This is going to be an eventful week, and we can look forward to separate entries (New Directors/New Films, for example, opens on Wednesday) and more special screenings over the coming days. Let’s get started.
New York. Screen Slate presents a guest post from MoMA Associate Media Conservator Peter Oleksik, who’ll be hosting An Evening of Computer Films with Ken Knowlton, “an instrumental figure in early computer animation,” tonight.
And regular Screen Slate contributor Cosmo Bjorkenheim writes about Jean-Pierre Bekolo’s “Cameroonian genre-bender” Naked Reality (2016), 150 years in the future and screening tomorrow at Spectacle: “If Naked Reality favors mood over narrative, that is one of its strong points.”
Also: “Charismatic, urbane, and handy with high-tech gadgets, Diabolik was a cross-pollination between Batman, Fantomas, and James Bond. His popularity was such that, in 1967, legendary producer Dino De Laurentiis gave infamous giallo director Mario Bava 1.5 billion lire to make a movie adaptation. The result was Danger! Diabolik [image above] starring John Phillip Law as the slick supercrook and Marisa Mell as his fetching partner, Eva Kant. . . . Diabolik is nigh-matched only by the indefatigable Inspector Ginko, played by the hardest-working man in French show business, Michel Piccoli.” Tomorrow at Film Forum.
On the Wrong Reel (29’03”), James Hancock and Adam Rackoff talk with animator Bill Plympton about “his latest projects including his collaboration with musician Jackie Greene, a series of music videos called The Modern Lives making its premiere at the SVA Theatre” on Wednesday. Plympton also talks a bit about the feature he’s currently working on, Slide.
Los Angeles. Rick Prelinger will be at the Billy Wilder Theater on Saturday to present Lost Landscapes of New York, which “mixes home movies by New Yorkers, tourists and semi-professional cinematographers with outtakes from feature films and background ‘process plates’ picturing granular details of New York’s cityscape. . . . Viewers will be invited to comment, to ask questions and to interact with one another as the screening unfolds.”
Chicago. Cine-List has you covered through Thursday.
Baltimore. John Waters: Indecent Exposure, an exhibition at the Baltimore Museum of Art on view from October 7 through January 6, 2019, “will feature more than 160 works, including photographs, sculptures, and video and sound pieces,” reports Peter Libbey for the New York Times.
San Francisco. For the Chronicle, Pam Grady reports on the lineup of this year’s San Francisco Silent Film Festival, running from May 30 through June 3. There’ll be a new “a new 200-minute restoration” of Mauritz Stiller’s The Gösta Berling Saga (1924) with Greta Garbo, and a screening of Paul Leni’s The Man Who Laughs (1928) will occasion “a world premiere score by the Berklee Silent Film Orchestra. . . . There will be eleven restored films in all, ten making North American premieres. These include restorations that the festival has undertaken itself, including recently discovered 1906 earthquake footage that the organization is restoring in collaboration with the Niles Film Museum; Soviet drama Fragment of an Empire (1929); Soft Shoes, a 1925 actioner; and a courtroom drama, The Other Woman’s Story (1925).”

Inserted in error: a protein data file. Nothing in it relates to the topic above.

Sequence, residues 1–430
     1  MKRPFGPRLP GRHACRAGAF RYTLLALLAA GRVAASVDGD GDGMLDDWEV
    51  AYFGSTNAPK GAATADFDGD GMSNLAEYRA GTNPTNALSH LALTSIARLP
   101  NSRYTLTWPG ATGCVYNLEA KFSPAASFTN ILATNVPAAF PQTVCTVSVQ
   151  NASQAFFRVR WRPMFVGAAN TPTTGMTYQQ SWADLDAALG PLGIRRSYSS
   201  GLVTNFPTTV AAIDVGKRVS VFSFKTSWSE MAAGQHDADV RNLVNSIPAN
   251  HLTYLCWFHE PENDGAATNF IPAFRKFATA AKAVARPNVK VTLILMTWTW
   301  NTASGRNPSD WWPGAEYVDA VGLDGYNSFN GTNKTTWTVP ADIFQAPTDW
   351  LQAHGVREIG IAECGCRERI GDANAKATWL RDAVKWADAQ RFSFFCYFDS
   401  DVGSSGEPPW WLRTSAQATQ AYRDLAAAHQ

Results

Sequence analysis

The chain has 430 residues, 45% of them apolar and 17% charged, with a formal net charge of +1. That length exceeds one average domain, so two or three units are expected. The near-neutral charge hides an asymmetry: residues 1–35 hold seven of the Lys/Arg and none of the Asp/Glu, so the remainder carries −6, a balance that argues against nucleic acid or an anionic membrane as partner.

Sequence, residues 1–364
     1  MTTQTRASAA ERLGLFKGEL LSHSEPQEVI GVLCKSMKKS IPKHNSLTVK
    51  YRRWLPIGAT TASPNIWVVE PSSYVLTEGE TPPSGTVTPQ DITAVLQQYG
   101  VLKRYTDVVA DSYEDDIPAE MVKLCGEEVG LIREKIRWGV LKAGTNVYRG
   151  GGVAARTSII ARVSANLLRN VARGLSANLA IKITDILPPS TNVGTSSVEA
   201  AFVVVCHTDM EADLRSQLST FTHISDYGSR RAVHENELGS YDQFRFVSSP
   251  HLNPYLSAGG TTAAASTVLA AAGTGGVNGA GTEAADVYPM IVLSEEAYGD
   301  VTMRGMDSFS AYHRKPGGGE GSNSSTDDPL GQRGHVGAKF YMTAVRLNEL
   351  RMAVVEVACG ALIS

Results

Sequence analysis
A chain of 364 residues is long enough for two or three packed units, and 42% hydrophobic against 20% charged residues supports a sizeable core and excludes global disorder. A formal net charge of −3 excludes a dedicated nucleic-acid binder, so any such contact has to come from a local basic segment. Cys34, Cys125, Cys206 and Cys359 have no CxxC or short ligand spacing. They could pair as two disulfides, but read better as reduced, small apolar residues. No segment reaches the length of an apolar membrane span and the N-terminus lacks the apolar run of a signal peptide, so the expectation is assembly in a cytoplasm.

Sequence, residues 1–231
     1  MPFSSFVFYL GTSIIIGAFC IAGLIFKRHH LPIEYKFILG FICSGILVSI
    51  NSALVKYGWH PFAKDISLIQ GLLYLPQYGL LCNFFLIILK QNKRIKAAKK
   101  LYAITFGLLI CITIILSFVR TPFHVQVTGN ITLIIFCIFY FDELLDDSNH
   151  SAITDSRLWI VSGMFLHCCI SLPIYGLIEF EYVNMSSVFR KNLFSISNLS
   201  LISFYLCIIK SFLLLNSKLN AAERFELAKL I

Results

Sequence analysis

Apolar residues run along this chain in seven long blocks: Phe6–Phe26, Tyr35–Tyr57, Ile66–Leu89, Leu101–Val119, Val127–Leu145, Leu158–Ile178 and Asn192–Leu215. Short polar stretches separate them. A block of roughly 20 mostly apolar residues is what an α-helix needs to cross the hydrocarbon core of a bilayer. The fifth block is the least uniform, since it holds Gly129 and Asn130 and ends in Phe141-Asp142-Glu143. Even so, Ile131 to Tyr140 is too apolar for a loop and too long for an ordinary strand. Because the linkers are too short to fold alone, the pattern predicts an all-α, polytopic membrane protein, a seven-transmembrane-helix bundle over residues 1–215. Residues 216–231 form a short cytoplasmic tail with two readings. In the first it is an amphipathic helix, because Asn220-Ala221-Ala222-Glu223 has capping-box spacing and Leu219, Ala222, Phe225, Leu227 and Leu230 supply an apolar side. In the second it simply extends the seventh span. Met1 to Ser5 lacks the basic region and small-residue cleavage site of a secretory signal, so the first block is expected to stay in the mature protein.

Cambridge. On Wednesday, the Harvard Art Museums will present Productive Disorder: Music, Film, and Art in Postwar Germany, a program of presentations and discussions in conjunction with Inventur—Art in Germany, 1943–55, an exhibition on view through June 3.
Austin. Forbidden Colors: The Transgressions of Nagisa Ôshima opens on Friday at the AFS Cinema and runs through April 22.
London. The Essay Film Festival rolls on through Thursday, featuring work by Pierre Creton, Vivienne Dick, Barbara McCullough, Thomas Elsaesser, João Moreira Salles, and Johann Lurf.
Close-Up presents František Vláčil’s Marketa Lazarová (1966) tomorrow.
“In Keicheyuhea (2017), one of two films that form All That You See Here, Forget, Aslan Gaisumov’s first exhibition at Emalin, curated by Anna Smolak, the artist follows his grandmother as she returns for the first time in seventy-three years to the titular settlement in the Caucasus mountains that used to be her family's home,” writes Anya Harrison for frieze. “That is until the winter of 1944, when the entire Chechen and Ingush nations, some half a million people, were deported to Central Asia, accused by the Soviet state of collusion with Nazi Germany—a fact that is known but little discussed in official historical narratives.” Through April 28.
Edinburgh. The lineup for this year’s Edinburgh Art Festival, on from July 26 through August 26, is set. The Guardian’s Dale Berning Sawa calls it “bold and expansive. It also confirms that 2018 belongs to Tacita Dean, with a major performance focused solo show at Fruitmarket Gallery following hot on the heels of her tripartite museum coup in London.”
Cannes. “The Cannes Film Festival’s decision to scrap morning press screenings ahead of gala premieres has received a chilly reception from the guild of French film critics (Syndicat Français de la Critique de Cinema),” reports Variety’s Elsa Keslassy. “In a letter issued Monday, the guild said that festival chief Thierry Fremaux should have explored other solutions to cater to filmmakers’ sensibilities during their gala premieres—for instance, imposing timed embargoes on reviews.” But artistic director Thierry Frémaux is standing his ground: “I belong to the generation that respects the press and doesn’t think a tweet is the same thing as a serious article published by a critic.”
Berlin. Time and memory: The cinema of Terence Davies opens on Thursday at the Arsenal and runs through April 9.
Mumbai. Tacita Dean and Christopher Nolan “will join Shivendra Singh Dungarpur to stage the fourth incarnation of Reframing the Future of Film” on Friday, Saturday, and Sunday.
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